The PLCH2 gene encodes an enzyme belonging to the phosphoinositide-specific phospholipase C family. Phospholipase enzymes are responsible for hydrolyzing phospholipids into fatty acids and other lipophilic molecules. The PLCH2 enzyme is hence required for catalyzing the synthesis of the second messenger molecules diacylglycerol (DAG) and inositol 1,4,5-trisphosphate (IP3). The phospholipase activity of PLCH2 is highly sensitive to calcium concentration and is activated by G protein beta-1-gamma-2 dimers.
Apart from phosphatidylinositol and inositol phosphate metabolism and lipid catabolism, the enzyme also plays a role in intracellular signal transduction as the second messengers DAG and IP3 act as substrates for the synthesis of other important signaling molecules.
The PLCH2 gene is located on the short arm of chromosome 1. It spans a length of 89.7 kb of DNA and its coding sequence is spread across 28 exons. The gene encodes a 154 kDa protein product composed of 1416 amino acids. At least four distinct isoforms of the PLCH2 protein exist due to alternative splicing of the exons 21a, 21b, 21c and 22. The gene is primarily expressed in the nervous system, but expression is also seen in the skin, spleen and pancreas.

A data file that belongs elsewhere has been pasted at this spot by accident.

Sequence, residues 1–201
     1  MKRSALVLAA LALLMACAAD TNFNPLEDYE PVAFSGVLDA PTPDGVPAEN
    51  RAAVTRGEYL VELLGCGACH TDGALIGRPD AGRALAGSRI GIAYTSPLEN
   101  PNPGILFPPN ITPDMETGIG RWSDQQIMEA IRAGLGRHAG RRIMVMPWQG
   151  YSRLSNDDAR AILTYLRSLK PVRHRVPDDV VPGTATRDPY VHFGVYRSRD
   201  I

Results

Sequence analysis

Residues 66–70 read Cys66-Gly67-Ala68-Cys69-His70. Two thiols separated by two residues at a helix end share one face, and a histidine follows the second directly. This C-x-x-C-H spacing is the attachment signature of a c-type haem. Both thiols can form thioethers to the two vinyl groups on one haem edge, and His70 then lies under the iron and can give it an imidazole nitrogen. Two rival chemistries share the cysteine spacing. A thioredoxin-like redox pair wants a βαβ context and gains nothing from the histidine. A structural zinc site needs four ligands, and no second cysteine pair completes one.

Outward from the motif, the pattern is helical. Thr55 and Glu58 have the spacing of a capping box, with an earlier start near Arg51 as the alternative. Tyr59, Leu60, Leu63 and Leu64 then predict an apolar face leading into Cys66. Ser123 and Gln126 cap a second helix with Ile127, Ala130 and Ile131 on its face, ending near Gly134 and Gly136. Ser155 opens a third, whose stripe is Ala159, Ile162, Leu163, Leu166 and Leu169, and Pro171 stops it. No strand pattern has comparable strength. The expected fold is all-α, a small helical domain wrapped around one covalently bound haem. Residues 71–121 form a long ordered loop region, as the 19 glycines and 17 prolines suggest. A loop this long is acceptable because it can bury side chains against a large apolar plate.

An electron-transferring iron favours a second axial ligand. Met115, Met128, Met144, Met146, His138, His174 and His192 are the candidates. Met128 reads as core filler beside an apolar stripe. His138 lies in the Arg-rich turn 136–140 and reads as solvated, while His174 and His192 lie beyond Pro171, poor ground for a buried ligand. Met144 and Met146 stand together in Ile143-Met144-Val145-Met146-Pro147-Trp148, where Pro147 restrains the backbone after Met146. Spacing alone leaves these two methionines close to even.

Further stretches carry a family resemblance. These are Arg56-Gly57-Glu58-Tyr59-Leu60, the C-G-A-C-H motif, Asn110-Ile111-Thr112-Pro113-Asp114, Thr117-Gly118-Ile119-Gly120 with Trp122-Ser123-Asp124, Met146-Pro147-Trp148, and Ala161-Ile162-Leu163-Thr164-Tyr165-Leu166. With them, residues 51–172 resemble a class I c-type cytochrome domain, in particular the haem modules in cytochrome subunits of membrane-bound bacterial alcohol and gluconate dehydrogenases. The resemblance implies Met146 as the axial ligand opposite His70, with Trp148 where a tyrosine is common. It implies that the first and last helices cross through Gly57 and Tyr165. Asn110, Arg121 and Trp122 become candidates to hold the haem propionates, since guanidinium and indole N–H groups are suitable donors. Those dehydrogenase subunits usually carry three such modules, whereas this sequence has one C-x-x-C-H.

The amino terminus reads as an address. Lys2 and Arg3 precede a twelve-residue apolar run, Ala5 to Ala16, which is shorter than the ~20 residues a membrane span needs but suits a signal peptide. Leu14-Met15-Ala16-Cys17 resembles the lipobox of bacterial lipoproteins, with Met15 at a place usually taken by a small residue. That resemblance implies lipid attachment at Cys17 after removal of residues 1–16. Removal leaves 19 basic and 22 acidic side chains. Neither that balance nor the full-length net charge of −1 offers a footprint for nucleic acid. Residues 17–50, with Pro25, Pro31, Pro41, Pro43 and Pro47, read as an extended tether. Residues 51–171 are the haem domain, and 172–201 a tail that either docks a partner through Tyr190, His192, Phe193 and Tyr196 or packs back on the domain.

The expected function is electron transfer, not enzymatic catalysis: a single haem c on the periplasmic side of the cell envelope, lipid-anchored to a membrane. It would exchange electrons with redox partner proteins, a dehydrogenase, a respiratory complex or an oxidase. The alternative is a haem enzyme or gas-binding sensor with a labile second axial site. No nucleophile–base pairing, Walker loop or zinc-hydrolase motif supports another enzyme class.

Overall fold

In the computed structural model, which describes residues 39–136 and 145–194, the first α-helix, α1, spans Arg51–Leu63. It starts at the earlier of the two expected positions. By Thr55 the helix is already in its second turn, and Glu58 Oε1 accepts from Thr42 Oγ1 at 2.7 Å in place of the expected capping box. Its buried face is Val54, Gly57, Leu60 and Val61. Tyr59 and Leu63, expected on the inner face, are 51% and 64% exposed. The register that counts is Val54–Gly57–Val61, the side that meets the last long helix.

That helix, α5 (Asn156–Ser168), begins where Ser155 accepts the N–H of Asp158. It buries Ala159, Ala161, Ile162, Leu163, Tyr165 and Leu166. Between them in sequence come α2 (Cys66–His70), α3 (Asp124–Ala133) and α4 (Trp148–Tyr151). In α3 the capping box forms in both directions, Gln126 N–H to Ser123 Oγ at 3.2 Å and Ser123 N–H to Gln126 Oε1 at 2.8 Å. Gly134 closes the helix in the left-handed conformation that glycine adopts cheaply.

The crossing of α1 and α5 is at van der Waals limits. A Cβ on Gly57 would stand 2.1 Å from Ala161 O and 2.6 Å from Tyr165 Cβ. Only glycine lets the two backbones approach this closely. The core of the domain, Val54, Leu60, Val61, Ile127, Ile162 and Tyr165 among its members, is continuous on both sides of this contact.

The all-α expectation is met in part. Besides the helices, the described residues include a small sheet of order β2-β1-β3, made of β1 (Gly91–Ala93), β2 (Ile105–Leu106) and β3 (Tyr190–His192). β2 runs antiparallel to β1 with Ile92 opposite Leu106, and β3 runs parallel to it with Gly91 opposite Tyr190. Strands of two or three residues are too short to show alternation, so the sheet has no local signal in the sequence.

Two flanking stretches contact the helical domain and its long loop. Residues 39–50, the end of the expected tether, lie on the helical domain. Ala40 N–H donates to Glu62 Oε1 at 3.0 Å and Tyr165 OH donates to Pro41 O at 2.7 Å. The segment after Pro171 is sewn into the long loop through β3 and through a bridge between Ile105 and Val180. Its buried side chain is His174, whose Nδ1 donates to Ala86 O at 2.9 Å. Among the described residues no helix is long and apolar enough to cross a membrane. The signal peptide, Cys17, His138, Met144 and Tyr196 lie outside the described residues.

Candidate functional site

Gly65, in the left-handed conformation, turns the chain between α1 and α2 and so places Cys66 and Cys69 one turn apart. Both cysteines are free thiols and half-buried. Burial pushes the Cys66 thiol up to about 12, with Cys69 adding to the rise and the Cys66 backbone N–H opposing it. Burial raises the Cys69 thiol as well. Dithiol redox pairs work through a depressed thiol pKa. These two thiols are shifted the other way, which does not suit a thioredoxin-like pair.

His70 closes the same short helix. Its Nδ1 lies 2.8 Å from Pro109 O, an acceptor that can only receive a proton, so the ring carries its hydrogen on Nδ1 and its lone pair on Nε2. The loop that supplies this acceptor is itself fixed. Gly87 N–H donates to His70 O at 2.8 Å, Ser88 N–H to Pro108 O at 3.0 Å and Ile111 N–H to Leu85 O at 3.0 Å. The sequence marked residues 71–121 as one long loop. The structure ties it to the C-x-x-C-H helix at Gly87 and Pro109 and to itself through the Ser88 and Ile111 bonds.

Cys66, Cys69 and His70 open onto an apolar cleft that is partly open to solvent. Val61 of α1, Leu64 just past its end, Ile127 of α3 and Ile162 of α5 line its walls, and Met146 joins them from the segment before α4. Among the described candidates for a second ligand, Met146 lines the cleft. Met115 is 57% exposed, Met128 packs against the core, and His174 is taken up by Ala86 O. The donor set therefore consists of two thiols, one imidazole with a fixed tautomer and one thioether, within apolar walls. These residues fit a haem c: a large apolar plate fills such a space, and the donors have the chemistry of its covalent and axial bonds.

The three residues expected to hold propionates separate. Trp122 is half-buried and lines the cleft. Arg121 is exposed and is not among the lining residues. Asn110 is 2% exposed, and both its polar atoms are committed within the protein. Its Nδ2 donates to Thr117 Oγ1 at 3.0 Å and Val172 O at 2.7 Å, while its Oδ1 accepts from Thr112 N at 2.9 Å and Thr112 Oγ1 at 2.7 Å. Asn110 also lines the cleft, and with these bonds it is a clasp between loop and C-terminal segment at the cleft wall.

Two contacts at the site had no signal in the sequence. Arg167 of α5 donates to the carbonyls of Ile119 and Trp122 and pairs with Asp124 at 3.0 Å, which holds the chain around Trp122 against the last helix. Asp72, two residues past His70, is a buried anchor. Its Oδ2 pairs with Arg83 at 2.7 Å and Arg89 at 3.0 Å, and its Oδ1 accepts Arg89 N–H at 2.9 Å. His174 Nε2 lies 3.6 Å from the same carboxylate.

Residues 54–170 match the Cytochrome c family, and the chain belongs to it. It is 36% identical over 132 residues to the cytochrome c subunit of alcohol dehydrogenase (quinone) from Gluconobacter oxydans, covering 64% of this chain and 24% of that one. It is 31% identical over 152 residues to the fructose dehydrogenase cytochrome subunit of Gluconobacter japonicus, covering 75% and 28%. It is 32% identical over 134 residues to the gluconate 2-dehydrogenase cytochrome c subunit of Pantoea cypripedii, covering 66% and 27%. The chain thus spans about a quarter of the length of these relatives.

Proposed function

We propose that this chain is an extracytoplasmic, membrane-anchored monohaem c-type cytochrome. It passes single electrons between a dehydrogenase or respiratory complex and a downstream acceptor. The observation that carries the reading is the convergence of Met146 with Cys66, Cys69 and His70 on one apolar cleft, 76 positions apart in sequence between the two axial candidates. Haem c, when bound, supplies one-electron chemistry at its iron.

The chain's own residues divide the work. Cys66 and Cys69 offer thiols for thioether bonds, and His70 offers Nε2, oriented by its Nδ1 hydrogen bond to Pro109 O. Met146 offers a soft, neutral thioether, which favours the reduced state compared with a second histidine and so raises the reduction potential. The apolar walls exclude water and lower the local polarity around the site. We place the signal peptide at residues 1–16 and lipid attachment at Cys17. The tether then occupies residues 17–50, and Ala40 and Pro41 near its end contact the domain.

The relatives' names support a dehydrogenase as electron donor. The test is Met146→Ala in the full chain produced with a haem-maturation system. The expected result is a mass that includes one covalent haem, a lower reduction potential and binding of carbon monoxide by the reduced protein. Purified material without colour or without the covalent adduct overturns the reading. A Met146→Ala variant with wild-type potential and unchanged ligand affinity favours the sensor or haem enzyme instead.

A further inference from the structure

Monies et al. (2017) researched the genomic landscape of Saudi Arabia based on the findings of 1000 diagnostic panels and exomes. One patient, a 5-year-old female, presented with a failure to thrive, fine and gross motor delay, speech delay, autistic features, hypotonia, seizures, bilateral white matter changes in the brain, poor vision, global developmental delay and epilepsy. Whole exome sequencing helped identify a homozygous mutation (c.2132G>A, p.C711Y) in exon 16 of the patient’s PLCH2 gene. This gene mutation was considered a candidate for pathogenicity as it was a novel variant located within the ‘runs of homozygosity’ and was predicted to be deleterious; and mutations in its paralog gene PLCH1 had been implicated in a disease with an overlapping phenotype. The authors noted that further studies are required to confirm this association.
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